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Drew Storen blew a ninth-inning save today against the Marlins.
That wasn't, however, Storen's primary objective when he emerged from the right-field bullpen for the top of the ninth today and the Nationals clinging to a 2-1 lead over the Marlins.
How did he treat this situation?
"Treat it like a live batting practice," Storen said. "That's really what you've got to do. There's no point in sitting there right now going: 'This is the ninth inning, this is all that.' It's nice to win and all that right now, but in the end it's about preparing yourself for the season. It's about the 162, not the whatever we're playing this spring. That's the way I look at it."
So Storen was less concerned about the results he posted in this game -- two straight hard-hit balls to open the inning, then an RBI groundout that tied the game and ensured he'd be tagged with a blown save -- and more concerned about the way he pitched.
Focusing mostly on fastballs, Storen didn't approach the five batters he faced -- all of them wearing uniform numbers ranging between 61 and 85 -- as though he was trying to record three outs in a regular-season game.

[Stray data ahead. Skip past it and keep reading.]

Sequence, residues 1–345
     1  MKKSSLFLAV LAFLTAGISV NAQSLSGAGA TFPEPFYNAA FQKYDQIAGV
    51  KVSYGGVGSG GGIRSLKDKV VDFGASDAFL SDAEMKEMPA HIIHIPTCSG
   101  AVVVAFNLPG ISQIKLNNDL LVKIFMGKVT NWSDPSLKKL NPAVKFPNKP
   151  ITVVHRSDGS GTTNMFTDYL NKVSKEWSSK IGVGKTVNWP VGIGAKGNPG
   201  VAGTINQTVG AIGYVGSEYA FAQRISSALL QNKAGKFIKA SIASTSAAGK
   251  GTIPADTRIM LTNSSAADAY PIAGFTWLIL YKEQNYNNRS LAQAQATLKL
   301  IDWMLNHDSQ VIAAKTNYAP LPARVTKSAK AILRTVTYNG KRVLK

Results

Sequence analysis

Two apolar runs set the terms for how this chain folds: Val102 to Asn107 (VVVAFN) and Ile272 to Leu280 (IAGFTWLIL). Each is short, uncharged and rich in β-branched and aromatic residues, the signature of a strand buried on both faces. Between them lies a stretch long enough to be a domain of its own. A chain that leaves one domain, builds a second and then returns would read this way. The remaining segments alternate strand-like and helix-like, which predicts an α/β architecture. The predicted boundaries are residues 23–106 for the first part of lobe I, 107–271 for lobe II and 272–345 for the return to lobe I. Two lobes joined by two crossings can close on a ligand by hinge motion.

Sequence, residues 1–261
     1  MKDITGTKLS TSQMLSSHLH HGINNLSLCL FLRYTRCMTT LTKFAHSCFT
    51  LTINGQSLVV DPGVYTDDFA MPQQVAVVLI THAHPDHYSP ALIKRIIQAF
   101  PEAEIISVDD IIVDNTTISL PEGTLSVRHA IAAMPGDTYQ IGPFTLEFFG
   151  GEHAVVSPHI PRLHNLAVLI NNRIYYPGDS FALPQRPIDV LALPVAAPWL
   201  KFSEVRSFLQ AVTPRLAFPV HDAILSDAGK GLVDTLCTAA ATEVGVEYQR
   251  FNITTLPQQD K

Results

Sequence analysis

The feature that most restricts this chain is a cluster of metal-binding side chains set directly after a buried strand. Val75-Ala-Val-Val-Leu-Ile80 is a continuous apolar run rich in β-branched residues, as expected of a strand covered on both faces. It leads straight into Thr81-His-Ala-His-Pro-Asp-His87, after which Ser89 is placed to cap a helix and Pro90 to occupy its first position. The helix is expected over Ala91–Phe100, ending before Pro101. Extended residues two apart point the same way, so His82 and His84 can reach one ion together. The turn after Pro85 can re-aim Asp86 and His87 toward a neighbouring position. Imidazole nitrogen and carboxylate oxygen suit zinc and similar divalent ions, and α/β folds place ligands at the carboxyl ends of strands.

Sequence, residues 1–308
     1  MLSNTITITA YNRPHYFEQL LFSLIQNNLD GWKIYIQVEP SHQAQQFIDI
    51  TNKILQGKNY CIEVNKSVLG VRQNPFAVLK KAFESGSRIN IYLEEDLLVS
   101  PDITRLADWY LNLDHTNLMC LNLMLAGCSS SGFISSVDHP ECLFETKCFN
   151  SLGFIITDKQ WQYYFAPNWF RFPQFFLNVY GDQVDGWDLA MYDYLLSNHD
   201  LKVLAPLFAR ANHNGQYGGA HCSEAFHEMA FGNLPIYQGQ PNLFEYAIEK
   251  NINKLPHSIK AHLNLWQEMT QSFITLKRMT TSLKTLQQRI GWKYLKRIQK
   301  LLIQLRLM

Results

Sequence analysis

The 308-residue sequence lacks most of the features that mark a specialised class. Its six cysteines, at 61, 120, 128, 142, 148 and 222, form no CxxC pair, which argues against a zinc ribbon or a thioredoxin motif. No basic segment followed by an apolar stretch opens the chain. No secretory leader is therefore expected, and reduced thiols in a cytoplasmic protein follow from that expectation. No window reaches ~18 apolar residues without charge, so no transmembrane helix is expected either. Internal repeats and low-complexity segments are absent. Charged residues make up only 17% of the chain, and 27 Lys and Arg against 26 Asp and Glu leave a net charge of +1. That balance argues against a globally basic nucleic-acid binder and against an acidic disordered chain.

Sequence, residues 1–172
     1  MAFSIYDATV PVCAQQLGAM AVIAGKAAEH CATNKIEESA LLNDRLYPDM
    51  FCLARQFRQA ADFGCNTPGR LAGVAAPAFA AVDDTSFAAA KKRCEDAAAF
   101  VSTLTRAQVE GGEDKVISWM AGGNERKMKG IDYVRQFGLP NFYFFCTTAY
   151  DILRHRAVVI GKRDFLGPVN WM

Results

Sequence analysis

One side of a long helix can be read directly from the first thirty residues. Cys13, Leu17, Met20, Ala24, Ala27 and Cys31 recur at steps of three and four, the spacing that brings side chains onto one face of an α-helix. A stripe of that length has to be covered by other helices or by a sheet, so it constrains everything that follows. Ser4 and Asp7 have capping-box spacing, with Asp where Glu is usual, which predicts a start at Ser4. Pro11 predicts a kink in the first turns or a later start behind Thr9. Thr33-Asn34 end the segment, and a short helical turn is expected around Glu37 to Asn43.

"It's so far out, I don't need to hit the accelerator right now," he said. "I have the ability to work on some things. ... You just take it easy and work through things and just kind of get a feel for it, because you do have that extra adrenaline going on the mound, no matter what situation it is. So it's just about toning it down and being in control the whole time. Not overstepping it. You've got to jog before you sprint."
Under normal circumstances, few would have even noticed Storen's linescore from what proved to be a 2-2, 10-inning tie that also featured a 1-hour, 6-minute rain delay. But given the way last season ended, with Storen blowing a two-run lead to the Cardinals in Game 5 of the NLDS, the right-hander's spring debut was going to draw attention regardless.
Storen, though, has learned how to approach these early spring outings after coming out with guns blazing previous years. He wound up experiencing elbow pain after his 2012 debut and following surgery to remove bone chips didn't appear in his first regular-season game until mid-July.
"That's the challenge that spring training is," he said. "I got in trouble last year doing that, because I didn't [go easy the first time out]. ... In a competitive situation, you want to sit there and do all those things, but you've got to look at the big picture and know it's February whatever-it-is and we've got a long time to go."
Storen certainly wasn't concerned after the fact. Neither was his manager.
"He had good velocity, but he just left some balls up, out over the plate," Davey Johnson said. "I don't put too much stock in it early. I want these guys to be ready for Opening Day."